My opinion is that the people in different nations are fundamentally different. If you meet a Nepali, he is probably polite and his behaviour is within the range of variation which you have seen among Finns. However, if you take 10000 Nepalis and Finns and look what kind of society they will build in 20 years of freedom and democracy, the results differ like night and day.

In a way, Finland is 'fully developed'. This means that there are no low-hanging fruits which external benevolent institutions could pick to cause permanent growth in Finland. Finns further their own interests and the interests of their loyalty groups effectively, since Finns have enough education, access to information, freedom and ability to raise capital for genuinely profitable pursuits.

The 'people are different' assumption can be taken forward to oppose development aid even under veil of ignorance by saying that the Nepalis are fully developed in the same sense. The differences in standards of living originate from the fact that society consists of people, and with people like the Nepali you can't build a society like Finland.

Nepalis in fact do get 10% of their GDP as remittances from Nepalis working in foreign countries and also as development aid. Still, they continue play in the bottom league of the poorest countries. This is strong data to support that they just can't build better society even if given more money.

Alien civilization

A problem with the veil of ignorance is that we can't imagine what it's like to be an illiterate goat herder. Therefore we need to imagine ourselves as the inferior race. Let's imagine an alien civilization with average IQ is about 150 and less measurable character traits like emotional maturity, future time orientation and language skills just as developed. Their behaviour is comprehensible for our xenoanthropologists, and their xenoanthropologists have learned to read and write factual sentences (which are not dependent on human intuitions) in English. For the sake of universe's biodiversity, they let us live, and some of them consider it a fun pasttime to uplift us. What would he want from them?

We would not want them to build us schools or hospitals. That's something that we do quite well ourselves. Better buildings wouldn't even improve the quality of services.

We would not want to copy institutions from them. Institutions which work for them would rest on assumptions which are not valid for us.

We would want their science and technology, preferably packaged into easy-to-use tools. The closest comparison is exchange students who come to Western countries to study, Western companies which sell tools and infrastructure to countries with otherwise low level of technology.

We would want them to decode our genome with their super tech. The closest comparison is malaria research, etc.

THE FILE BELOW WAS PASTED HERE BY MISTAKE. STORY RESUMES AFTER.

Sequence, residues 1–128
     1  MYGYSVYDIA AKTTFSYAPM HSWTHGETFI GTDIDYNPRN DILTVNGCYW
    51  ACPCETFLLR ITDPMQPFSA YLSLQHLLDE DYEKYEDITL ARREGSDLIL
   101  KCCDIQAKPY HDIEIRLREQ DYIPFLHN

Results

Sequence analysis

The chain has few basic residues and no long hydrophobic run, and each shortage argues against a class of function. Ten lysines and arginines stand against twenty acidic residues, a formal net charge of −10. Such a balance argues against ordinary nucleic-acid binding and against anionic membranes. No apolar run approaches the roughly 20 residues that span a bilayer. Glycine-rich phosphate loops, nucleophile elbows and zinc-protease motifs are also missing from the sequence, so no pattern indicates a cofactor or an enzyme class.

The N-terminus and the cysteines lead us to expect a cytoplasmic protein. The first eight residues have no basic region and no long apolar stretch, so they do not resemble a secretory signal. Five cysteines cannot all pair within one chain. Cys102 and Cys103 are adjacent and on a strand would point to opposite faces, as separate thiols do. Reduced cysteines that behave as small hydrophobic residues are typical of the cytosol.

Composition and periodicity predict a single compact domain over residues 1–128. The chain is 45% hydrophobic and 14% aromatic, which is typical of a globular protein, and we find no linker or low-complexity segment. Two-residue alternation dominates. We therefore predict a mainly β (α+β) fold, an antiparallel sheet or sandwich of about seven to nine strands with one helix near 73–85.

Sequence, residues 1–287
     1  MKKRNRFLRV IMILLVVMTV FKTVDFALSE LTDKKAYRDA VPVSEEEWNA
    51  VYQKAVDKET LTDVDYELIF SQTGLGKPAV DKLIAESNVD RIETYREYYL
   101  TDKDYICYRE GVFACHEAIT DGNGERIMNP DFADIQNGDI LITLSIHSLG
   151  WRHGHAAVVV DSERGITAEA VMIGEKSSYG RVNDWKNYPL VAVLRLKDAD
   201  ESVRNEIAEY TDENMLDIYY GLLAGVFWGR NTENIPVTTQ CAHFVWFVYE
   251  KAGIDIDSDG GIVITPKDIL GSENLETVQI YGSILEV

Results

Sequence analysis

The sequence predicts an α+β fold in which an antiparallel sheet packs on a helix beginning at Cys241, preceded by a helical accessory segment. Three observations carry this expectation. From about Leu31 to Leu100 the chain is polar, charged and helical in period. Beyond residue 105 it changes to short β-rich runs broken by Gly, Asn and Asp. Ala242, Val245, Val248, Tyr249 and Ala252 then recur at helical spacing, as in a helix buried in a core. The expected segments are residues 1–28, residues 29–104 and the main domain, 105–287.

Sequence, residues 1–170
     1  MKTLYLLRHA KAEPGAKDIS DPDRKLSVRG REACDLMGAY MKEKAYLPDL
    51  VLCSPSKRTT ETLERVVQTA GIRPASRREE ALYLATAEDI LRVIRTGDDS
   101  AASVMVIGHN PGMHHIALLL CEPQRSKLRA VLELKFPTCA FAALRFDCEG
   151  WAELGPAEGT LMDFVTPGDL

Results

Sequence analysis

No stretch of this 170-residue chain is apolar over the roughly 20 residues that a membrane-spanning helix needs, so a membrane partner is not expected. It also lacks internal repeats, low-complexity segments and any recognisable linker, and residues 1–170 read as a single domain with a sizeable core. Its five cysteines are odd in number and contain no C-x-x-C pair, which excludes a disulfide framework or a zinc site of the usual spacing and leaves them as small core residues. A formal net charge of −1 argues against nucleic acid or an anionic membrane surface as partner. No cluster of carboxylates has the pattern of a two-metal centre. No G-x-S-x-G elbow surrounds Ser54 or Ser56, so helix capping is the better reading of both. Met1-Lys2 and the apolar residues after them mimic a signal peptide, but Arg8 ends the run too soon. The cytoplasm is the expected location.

We would want to maintain monopoly of violence on Earth, even if we knew that they could blast us to extinction with antimateria bombs anytime. They may be too indifferent to care if, say, Iran used it's nuclear arsenal, or too enthusiastic to meddle, or probably both.

Monday, March 08, 2010

The answer

Tuesday, March 02, 2010

Death proof

Saw Inglourious Basterds in the weekend. Can't recommend it to anyone, though. Like Kill Bill, it was a purebred genre movie which didn't reference anything real, just other movies in the same genre. While Kill Bill was fun, Inglourious Basterds was just filled with cruel violence that was unnecessary for the plot.

There was one good scene in Inglourious Basterds though - the opening scene. It includes a long conversation during which nothing happens except two people talk politely with each others, but which is full of suspense anyway.

One criteria for good art is that it tells facts about reality. In this sense, realistic, long conversations can be art. Many important things depend on vapid chit-chat in small groups. The devil is in the details and in subtle signaling. The blogs of pick-up artists tell stories how vapid chit-chat determines the success of seduction, and also deal with relationship game. Families are one fundamental building blocks of society, and their formation and stability depends much on vapid chit-chat. It also determines very much how various professional and hobby groups get stuff done or don't.

The only TV program which takes vapid chit-chat seriously is Big Brother, and it is hugely popular around the world.

Death Proof is another Tarantino a movie, where the first hour consists entirely from vapid chit-chat. It even lacks proper suspense, as things start to happen only afterwards. It is both boring (nothing happens!) and ingenious (at last they film the stuff that social reality is made of!) at the same time.